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Tuesday, September 2, 2014 |  Madison, WI: 64.0° F  Mostly Cloudy
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Wisconsin Department of Justice seeks intel on UW Innocence Project
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Innocence Project lawyer Keith Findley was "surprised" to hear of the state Justice Department's interest.
Innocence Project lawyer Keith Findley was "surprised" to hear of the state Justice Department's interest.

The state Justice Department last week asked prosecutors throughout the state to give it a heads up about cases involving UW-affiliated groups known for their work in overturning wrongful convictions.

"If you have any post-conviction cases pending with the Innocence Project or Remington Center, please contact me," wrote Assistant Attorney General Roy Korte, in an email obtained by Isthmus. "If you get any such cases in the future I would also like to be contacted."

Korte deferred an inquiry to others in his department. Dean Stensberg, executive assistant to state Attorney General J.B. Van Hollen, says there is nothing unusual about one group of lawyers wanting to gather information on another group of lawyers.

"It's sort of an effort to understand how they do business," says Stensberg, noting that the Justice Department would typically be on the opposite side of cases brought by the Innocence Project. "It may be an expected good practice for attorneys to try and understand what folks on the other side of the bar are doing, and how they do it."

Stensberg says the goal of the inquiry is not to make the Justice Department "a repository of information" on the Innocence Project, nor "create a manual on how to oppose" the group. Rather, he portrays it as a more mundane undertaking: "In this line of work, if you have a usual customer, it helps to know what their MO is."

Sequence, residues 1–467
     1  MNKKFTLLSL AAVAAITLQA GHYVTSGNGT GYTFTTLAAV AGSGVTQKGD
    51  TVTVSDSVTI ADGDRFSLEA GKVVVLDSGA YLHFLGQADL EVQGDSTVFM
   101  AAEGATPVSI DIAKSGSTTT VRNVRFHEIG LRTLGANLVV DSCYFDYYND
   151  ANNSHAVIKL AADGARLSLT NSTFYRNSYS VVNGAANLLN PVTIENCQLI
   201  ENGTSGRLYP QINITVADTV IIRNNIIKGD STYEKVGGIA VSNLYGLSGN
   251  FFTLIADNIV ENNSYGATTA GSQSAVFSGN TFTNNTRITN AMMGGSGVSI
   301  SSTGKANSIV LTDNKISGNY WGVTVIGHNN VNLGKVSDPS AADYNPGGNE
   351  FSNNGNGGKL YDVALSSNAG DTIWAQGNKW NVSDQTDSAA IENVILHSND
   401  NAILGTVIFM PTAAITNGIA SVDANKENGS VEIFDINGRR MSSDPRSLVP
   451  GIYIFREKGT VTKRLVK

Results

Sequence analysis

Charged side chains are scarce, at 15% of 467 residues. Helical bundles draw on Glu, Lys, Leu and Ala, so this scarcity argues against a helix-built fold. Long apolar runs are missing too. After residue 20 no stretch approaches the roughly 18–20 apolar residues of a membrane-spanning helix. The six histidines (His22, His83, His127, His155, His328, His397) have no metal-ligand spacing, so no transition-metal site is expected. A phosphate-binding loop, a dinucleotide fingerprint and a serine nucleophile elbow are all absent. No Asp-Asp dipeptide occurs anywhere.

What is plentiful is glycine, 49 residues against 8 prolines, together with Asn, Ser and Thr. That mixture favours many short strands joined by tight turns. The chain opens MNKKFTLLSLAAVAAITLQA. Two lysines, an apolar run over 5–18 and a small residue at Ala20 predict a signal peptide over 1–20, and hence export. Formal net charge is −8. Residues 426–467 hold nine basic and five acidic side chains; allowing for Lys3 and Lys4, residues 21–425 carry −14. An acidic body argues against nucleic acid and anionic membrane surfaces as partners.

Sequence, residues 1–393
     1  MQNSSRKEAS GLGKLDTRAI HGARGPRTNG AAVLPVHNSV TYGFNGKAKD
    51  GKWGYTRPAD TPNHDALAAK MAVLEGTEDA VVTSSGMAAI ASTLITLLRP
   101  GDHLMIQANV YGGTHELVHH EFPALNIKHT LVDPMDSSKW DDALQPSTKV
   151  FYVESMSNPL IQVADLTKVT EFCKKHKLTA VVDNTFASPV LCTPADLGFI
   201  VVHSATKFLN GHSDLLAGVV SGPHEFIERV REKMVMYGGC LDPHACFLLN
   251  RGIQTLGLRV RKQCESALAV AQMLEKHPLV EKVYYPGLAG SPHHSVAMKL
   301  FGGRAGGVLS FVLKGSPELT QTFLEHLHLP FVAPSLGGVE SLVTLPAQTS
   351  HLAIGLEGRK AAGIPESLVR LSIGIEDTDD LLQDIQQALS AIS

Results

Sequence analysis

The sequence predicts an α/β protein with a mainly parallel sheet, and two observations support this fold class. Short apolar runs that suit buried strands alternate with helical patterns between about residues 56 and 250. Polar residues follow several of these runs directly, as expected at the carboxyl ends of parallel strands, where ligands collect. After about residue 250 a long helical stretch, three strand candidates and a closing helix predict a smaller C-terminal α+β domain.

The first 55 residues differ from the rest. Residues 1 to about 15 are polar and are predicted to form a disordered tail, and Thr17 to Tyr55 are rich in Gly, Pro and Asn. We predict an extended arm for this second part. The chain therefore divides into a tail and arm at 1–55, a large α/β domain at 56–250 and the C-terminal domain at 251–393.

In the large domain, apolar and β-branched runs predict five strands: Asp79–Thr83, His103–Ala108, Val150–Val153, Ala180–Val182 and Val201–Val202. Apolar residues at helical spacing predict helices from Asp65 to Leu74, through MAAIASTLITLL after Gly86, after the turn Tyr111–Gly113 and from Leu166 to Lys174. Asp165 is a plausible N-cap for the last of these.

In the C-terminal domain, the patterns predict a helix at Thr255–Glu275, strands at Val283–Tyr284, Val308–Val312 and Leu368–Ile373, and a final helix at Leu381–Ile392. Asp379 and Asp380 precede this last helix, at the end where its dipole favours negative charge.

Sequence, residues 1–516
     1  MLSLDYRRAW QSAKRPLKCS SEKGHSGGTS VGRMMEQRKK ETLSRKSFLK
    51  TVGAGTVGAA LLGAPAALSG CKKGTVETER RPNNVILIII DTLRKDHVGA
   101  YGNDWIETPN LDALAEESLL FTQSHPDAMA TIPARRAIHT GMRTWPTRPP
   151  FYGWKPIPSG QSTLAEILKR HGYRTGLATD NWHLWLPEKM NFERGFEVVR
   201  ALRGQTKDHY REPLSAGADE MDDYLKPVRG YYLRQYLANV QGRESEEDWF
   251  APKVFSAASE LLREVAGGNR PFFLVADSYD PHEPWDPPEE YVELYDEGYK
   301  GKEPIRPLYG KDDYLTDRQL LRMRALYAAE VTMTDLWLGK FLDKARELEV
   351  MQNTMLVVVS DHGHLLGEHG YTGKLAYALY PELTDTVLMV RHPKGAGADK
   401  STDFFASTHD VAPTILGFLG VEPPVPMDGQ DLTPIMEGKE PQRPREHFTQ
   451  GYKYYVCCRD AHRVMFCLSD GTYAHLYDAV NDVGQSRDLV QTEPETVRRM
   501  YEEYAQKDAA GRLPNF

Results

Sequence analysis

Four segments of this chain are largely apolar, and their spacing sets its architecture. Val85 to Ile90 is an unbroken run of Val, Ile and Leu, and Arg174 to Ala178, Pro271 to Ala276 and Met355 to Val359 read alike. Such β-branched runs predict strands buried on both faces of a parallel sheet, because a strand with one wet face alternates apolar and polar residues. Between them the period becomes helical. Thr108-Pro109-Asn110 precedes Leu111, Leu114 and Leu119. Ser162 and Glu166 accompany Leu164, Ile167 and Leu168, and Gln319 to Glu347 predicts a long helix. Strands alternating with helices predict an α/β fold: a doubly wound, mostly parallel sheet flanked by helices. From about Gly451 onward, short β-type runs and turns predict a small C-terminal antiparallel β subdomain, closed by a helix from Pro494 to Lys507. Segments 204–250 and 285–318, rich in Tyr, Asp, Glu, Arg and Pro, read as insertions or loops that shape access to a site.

The Wisconsin Innocence Project, run out of the UW Law School's Remington Center, has since 1999 succeeded in freeing more than a dozen inmates. The project is run by three UW Law School lawyers, with help from law students and others.

Even still, the Innocence Project's resources are more modest than those of many criminal defense law firms, and are dwarfed by those of the state Justice Department.

Innocence Project lawyer Keith Findley says he's "surprised" by Kortes' email. After consulting with others at the Law School, he issued a statement:

"We of course do not know what motivated that email, and will let them speak to that. I can say, however, that for more than 30 years we at the Remington Center have worked cooperatively with the Department of Justice and Department of Corrections on our shared goals of serving justice in the criminal justice system, and we have no reason to believe that anything is changing in that regard."

Findley's statement adds that Remington Center Director Meredith Ross and faculty director Walter Dickey "will be sending Justice officials an email reaffirming our commitment to continued cooperation, and making it clear that, if the DOJ wants any information about the cases we are litigating, they can just let us know and we will be happy to share all that we can..."

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